Are children whose parents shop primarily at big-box stores and mass-market retailers cut off from the toys most clearly designed to promote creativity and learning?
In a Big City column, Ginia Bellafante explores the question of “toy deserts” — areas where “the least-privileged children are choked off from the recreations most explicitly geared toward creativity and achievement.”
Toys that are top sellers in independent toy stores, like Magna-Tiles, a geometrically shaped set of magnetic tiles for building, aren’t even available at Toys “R” Us et al, nor are the games and puzzles of Fat Brain Toys or many similar smaller, hand-developed products.
Shop only at major retailers, and those are items that will never make it into your cart or the hands of your children.
Different segments of our society are being pitched different toys.
Does that matter at all? When we talk about toys, we tend to talk as much about the “message” of certain playthings as we do about the play (thus the debate over marketing forces that color everything from balls to building blocks pink and blue). The focused, learning-centric toys that are absent from the big-box stores may “signal to a child a parental investment in ambition and accomplishment, in active absorption over passive observation.”
But do they signal to the child that it’s time to pick them up and play?
The smaller toys available in the independent toy stores offer parental novelty, and sometimes superior materials, but much of what’s achieved mass-market appeal has done so for a reason, and it’s not always related to commercial tie-ins or powerhouse marketing.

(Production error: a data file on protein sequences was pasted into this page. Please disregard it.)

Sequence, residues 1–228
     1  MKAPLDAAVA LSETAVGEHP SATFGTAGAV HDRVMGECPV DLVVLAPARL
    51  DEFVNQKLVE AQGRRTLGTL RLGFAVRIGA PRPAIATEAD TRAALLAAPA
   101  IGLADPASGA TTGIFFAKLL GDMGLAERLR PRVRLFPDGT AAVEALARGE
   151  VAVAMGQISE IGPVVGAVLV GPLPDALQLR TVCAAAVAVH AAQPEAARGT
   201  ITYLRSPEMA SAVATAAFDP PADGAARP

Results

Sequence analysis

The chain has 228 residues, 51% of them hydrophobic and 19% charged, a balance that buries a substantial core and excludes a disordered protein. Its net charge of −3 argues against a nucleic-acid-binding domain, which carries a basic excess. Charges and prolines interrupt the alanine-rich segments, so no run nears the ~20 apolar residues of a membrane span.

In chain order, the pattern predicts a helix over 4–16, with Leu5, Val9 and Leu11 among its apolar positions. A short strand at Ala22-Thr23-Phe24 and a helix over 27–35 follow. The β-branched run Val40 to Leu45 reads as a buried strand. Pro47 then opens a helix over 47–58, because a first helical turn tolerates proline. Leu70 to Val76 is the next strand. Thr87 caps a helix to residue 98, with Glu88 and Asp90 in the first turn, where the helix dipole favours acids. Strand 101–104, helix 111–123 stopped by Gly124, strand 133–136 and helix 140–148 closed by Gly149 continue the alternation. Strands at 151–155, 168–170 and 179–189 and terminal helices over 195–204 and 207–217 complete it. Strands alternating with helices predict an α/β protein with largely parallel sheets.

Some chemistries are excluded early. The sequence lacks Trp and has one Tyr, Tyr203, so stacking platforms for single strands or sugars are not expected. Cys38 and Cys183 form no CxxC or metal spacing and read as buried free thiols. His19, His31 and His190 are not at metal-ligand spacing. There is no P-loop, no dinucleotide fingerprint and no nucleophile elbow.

Among the Amazon best-sellers this year are the Perplexus and Spot It (not to mention the Lego Ultimate Building Set, a boon to all those who said, of the Lego sets we’ve discussed so much of late, why not just buy the basic kit and be done with it?).
The Toys “R” Us best-seller list includes a Little Tykes Basketball hoop, a train table and the Game of Life. Walmart’s shopping site names a Crayola Creativity Station as a top seller.
We’ve owned Magna-Tiles. Although they saw some playtime in the first year after their holiday arrival, in this year’s big playroom garage sale clean-out, they were among the first things the children chose to go.
Every single other thing I’ve listed here, from Spot It to the train table to the crayons (although not a “creativity station”) remains, and probably will for some time to come.
Maybe some toys fail to make that leap to mega-big-box success, not because many parents don’t know that play is a major component of learning, but because they’re just not that much fun to begin with.
Not every toy in the big stores offers a whole lot of bang for the buck, but there are plenty of failures to be found in the smaller stores, too.
There are a lot of reasons that children whose parents do most of their shopping in big-box stores may differ from children whose parents favor small, independent retailers.
I’m unconvinced that any of them have much to do with the difference in the toys that tempt those parents to buy. You?
Contact KJ Dell-Antonia at: